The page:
Appeal from the Circuit Court of Ogle County. Honorable John B. Roe, Judge Presiding.
Released for Publication November 14, 1997.
The Honorable Justice Rakowski delivered the opinion of the court. McCullough, P.j., and Colwell, Holdridge, and Goldenhersh, JJ., concur.
The opinion of the court was delivered by: Rakowski
The Honorable Justice RAKOWSKI delivered the opinion of the court:
Claimant Keith Countryman and his employer FDL Foods, Inc. entered into a settlement agreement on December 15, 1992, which provided for settlement of certain workers' compensation claims. The arbitrator found that the contract released claimant's claims against employer for all accidental injuries incurred through the settlement date. The Industrial Commission (Commission) affirmed. The circuit court reversed, holding that the settlement agreement did not preclude claimant from filing an additional claim for an alleged work-related back injury of August 15, 1991. The issue on appeal is whether the settlement agreement is a general release of all claims incurred through December 15, 1992, including the back injury claim, or a limited release of just those claims specifically contained in the agreement. For the following reasons, we affirm the judgment of the circuit court.
The December 15, 1992, settlement agreement lists three distinct accident dates of May 2, 1988, March 26, 1991, and April 1, 1992. It refers to the location of the accidents as Rochelle, Illinois, and describes the periods in which claimant was temporarily totally disabled as being from June 1 to June 25, 1989, and March 26 to June 2, 1991. The agreement describes the nature of claimant's injury as bilateral carpel tunnel syndrome and elbow neuritis and states that claimant's hands, wrists, and elbows were affected by alleged repetitive motion.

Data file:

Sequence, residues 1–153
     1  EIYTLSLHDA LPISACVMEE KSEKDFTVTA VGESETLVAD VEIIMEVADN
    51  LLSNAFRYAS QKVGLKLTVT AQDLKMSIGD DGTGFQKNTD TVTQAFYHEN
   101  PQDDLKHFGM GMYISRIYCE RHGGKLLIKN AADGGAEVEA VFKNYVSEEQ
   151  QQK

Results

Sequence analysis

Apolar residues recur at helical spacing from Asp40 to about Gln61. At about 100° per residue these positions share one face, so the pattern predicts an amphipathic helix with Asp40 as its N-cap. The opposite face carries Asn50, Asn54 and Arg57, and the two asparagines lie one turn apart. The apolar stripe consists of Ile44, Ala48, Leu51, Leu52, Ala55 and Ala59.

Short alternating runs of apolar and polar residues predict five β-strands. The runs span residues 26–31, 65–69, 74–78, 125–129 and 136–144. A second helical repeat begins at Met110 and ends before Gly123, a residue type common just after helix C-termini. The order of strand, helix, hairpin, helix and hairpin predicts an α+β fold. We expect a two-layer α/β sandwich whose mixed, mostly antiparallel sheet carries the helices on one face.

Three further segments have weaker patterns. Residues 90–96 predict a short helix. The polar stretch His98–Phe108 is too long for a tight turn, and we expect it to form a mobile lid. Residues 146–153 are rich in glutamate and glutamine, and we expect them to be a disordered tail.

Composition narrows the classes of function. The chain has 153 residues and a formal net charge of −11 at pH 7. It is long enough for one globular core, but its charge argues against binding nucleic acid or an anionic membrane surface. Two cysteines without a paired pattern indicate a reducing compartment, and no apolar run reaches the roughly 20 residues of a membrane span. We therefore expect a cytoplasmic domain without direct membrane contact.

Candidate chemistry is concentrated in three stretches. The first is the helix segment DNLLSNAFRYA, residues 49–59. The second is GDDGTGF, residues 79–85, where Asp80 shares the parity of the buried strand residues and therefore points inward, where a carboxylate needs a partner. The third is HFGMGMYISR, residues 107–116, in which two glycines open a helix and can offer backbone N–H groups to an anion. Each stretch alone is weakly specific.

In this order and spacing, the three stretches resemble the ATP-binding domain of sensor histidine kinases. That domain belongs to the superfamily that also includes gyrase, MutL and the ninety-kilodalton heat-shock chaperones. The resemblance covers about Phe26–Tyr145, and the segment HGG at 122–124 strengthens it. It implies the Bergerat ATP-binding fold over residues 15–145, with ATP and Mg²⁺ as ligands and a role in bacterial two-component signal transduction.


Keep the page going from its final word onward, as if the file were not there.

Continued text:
The terms of settlement require employer to pay claimant $33,150 in full and final settlement of any and all workers' compensation claims "for all accidental injuries allegedly incurred as described herein and including any and all results or developments, fatal or non-fatal, allegedly resulting from such accidental injuries." The contract further provides that "settlement is based on [claimant's] present condition and specifically includes any other accident, injury, aggravation or onset of symptoms to the date of this settlement."
The settlement represents 25 % loss of each arm less temporary total disability (TTD) benefits, group insurance payments, and unpaid medical expenses. Above the signature line, the contract states that claimant understands that by settling "this claim" he is giving up the right to any further medical treatment for the results of "this incident" and the right to additional benefits if his condition worsens as a result of "this incident."
After execution of the contract on December 15, 1992, claimant filed an adjustment of claim pursuant to the Workers' Compensation Act (the Act) (820 ILCS 305/1 et seq. (West 1994)) for back injuries allegedly sustained on August 15, 1991, at claimant's place of employment in Rochelle, Illinois. Claimant gave employer oral notice of this incident and employer admits that at the time of settlement it knew of the potential claim for back injuries. Employer moved to dismiss the claim on the basis that the settlement contract released all accident claims through the date of settlement. The arbitrator dismissed claimant's application based on the contract release and the Commission affirmed. The circuit court reversed, holding that the release did not preclude claimant from filing an additional claim for the separate back injury.